What is important? How would we measure it, and how would we know the measure was accurate? Although there are many possible ways, if we use a scale of things that have the most profound influence on our ability to realize our full potential, and use that to measure what we currently apply our energies to as a global culture; we can see the gap, the gap between what’s important, and what we do.

Somewhere in our not so distant past, on some day we couldn’t pinpoint because we weren’t watching, we crossed a critical threshold. We crossed the threshold where we no longer live in a world where people starve because we can’t feed them; we now live in a world where people starve because we don’t feed them. We have the skills and resources to make this a plentiful world, but we do not yet have the focus, nor the will – to do what’s important.

We have the capacity to cultivate a world brimming with potential – potential that can only be realized if we have each other’s backs. Instead we live in a world where, acting out of fear, we have to watch our backs – a world where we have to defend ourselves from ourselves. Maybe we don’t recognize this is the recipe for self made poverty – maybe we are suffering the echo of our collective traumatic past, where a veil of ignorance forced us to be at the mercy of a frightening and often cruel environment, and as a result, we learned to exploit each other, to dominate, or be dominated… This is a past we need to navigate away from if we’re going to cultivate our full potential. Until we do this, we will continue to rob ourselves of what’s important.

What’s important is you – the family, who shapes the lens through which the child understands reality by the way you treat them and each other. You forge their developing identity in the fires of the relationships you expose them to, and this defines whether that fire will refine them, or destroy them. You are the port from which the child launches, and you define what that child will be equipped with to navigate the wider social seas, and how they will influence those they touch – for the rest of their lives. You are what’s important.

What’s important is you – the teachers, who have the wheel that steers the future as you pass the torch of knowledge to the next generations. You’re not merely an installer of facts, but a primary cultivator of the tools that will determine whether we will capably face the challenges that lie before us, or sink under their weight. You have a powerful hand on the rudder that steers this Earthen ship of ours through sometimes troubled waters. Together with the family, you set the tone for the direction we will travel. You are what’s important.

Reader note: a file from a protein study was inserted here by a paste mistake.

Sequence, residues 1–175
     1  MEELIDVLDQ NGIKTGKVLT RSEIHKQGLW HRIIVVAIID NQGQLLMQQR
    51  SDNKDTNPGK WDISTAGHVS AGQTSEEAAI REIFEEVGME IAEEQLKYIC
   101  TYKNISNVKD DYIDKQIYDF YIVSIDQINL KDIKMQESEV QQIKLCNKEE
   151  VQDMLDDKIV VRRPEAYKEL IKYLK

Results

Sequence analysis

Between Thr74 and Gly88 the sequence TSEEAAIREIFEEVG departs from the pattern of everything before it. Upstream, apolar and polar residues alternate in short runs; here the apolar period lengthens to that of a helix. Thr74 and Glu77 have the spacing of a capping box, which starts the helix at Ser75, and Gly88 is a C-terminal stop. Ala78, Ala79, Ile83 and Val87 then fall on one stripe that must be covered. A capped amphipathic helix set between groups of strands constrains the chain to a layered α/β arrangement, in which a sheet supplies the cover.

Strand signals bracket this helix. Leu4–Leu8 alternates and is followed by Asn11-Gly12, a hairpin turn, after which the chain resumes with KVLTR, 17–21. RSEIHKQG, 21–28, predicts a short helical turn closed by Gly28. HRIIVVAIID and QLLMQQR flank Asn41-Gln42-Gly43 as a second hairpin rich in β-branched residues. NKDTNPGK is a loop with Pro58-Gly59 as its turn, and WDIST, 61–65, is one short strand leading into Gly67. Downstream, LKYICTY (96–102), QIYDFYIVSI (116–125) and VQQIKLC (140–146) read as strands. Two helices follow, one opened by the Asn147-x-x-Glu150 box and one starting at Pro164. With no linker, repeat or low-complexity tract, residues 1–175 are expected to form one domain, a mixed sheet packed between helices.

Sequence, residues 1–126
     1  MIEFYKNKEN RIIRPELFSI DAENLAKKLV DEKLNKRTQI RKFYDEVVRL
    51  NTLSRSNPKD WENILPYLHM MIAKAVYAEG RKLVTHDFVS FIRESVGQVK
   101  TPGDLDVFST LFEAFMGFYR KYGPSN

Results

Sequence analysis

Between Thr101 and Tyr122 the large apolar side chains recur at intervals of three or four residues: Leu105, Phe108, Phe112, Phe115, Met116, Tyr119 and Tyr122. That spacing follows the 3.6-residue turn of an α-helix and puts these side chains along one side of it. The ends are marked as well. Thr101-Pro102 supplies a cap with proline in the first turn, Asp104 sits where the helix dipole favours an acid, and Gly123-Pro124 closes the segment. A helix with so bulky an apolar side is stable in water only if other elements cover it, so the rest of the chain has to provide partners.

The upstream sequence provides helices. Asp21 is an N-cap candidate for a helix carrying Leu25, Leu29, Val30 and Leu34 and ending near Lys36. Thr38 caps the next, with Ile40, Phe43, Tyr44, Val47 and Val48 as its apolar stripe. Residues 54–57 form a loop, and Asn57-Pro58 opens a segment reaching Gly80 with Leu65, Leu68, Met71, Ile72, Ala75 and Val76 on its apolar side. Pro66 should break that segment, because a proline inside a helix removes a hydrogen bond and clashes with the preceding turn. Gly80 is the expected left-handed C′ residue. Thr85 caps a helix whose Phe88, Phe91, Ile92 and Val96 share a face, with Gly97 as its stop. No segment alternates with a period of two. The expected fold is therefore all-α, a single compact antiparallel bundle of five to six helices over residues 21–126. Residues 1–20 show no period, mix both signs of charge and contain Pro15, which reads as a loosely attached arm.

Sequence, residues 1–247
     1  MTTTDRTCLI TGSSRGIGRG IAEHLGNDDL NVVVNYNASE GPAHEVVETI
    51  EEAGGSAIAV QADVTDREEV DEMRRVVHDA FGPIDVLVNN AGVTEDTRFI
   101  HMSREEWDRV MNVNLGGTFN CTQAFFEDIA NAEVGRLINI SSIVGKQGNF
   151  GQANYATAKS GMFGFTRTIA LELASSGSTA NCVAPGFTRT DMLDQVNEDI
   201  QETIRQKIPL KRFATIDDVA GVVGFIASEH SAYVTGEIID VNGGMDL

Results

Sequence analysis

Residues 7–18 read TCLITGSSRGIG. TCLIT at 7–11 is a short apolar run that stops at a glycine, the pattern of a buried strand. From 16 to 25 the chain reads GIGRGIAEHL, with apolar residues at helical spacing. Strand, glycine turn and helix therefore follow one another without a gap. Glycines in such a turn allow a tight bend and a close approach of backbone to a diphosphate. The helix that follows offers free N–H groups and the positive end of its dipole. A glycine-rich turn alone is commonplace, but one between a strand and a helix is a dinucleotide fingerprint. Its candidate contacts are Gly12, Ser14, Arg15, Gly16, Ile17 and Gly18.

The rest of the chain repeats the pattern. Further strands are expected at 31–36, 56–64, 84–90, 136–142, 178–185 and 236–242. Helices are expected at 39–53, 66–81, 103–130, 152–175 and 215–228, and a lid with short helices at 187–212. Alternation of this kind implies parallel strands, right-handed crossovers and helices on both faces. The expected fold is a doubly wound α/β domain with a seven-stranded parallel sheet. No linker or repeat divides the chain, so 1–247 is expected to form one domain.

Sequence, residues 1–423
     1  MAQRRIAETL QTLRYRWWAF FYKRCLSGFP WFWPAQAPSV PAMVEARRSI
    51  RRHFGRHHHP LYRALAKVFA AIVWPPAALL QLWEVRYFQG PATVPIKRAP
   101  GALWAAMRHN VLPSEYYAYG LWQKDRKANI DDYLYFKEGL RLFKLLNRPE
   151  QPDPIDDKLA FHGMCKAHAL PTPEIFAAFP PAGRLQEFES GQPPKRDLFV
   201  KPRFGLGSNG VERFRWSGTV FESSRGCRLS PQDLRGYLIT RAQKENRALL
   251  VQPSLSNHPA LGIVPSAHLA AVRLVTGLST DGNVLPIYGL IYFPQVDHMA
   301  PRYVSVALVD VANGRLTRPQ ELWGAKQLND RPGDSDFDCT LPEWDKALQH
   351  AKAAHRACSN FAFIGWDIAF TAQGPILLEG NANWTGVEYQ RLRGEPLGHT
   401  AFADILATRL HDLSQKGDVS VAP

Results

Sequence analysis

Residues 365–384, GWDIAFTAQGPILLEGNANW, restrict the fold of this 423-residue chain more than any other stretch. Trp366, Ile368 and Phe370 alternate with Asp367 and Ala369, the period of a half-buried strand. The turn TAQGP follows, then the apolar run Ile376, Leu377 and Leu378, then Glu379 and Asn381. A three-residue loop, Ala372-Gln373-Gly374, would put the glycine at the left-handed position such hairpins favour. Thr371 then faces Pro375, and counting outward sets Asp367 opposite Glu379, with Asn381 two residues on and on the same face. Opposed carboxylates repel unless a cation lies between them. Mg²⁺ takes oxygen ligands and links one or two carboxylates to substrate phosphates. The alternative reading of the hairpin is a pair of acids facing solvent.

What’s important is you – the friend, who doesn’t have to be asked, but actively seeks to offer your best. Your behavioral vocabulary doesn’t include apathy. You willingly act on behalf of your friends – ready to deliver a comforting word, a helping hand, or a stinging challenge depending on the need – your purpose remains constant – to serve each other. You have a powerful hand in the stability of this Earthen ship in which we all ride. And your aid through the storms, and companionship in fair weather, makes this journey we’re all on worthwhile. You are what’s important.

What’s important is you – the stranger, who may not be familiar with those in other ships that pass by, but know that they are full of kindred kinds – you who understand that it takes all of us, communicating through actions big and small, that we’re in this together, that we share the same waters – and that sharing what we have of value with each other is the reason for the abundance we have. You are the one that opens the door without being asked – you don’t hesitate to act to strengthen the larger community of life on which we all depend for breath because you know you are part of that same body. You are what’s important.

And what’s important is Earth – it is our common ground and our greatest teacher. On it we can stand together and flourish – or divided we can fall back into the soil which once generously gave us this opportunity for a plentiful life. Earth has given us what we need and taught us by writing its lessons into the fabric of who we are – like the need to strike a balance between give and take that’s written into our breath… and how all it asks in return is that we recognize that using that breath to cultivate fruitful relationships is what’s really important.

 

0003-What Is Important

Things That Matter – Can we work together toward a better world?

TCP-ThingsThatMatter-HOA-EventGraphic

Episode 0001- What is a realistic approach to move us forward as a global culture?

There are a lot of ideological systems throughout the world. We absorb them, as well as our behavioral values from our family and local culture. Many of these cultural idea-behavior profiles conflict with others. Some cultures appear to get along with others despite differences, others – not so much. Some express behavioral values that conflict their stated beliefs and completely miss the hypocrisy – so what we say and do might not line up – but the bottom line is – some of us behave in direct opposition not only to each other, but against the common good of the world. We will explore “Why is that?” AND – “Is there anything we can do about it?”

We are Social By Nature

0130-Social